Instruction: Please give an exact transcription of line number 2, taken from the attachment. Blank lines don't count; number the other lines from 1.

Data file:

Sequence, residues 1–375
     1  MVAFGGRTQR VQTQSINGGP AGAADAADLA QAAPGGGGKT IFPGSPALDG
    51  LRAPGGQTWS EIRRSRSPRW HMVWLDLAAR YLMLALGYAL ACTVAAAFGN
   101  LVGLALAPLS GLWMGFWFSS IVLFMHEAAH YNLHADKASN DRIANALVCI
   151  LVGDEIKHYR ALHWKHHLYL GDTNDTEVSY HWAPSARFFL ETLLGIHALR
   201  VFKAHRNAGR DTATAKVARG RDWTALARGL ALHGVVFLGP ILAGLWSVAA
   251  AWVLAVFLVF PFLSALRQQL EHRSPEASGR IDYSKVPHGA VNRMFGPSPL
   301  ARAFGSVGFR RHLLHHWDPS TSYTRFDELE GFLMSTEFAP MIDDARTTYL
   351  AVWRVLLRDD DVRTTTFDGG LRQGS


     1  MVAFGGRTQR VQTQSINGGP AGAADAADLA QAAPGGGGKT IFPGSPALDG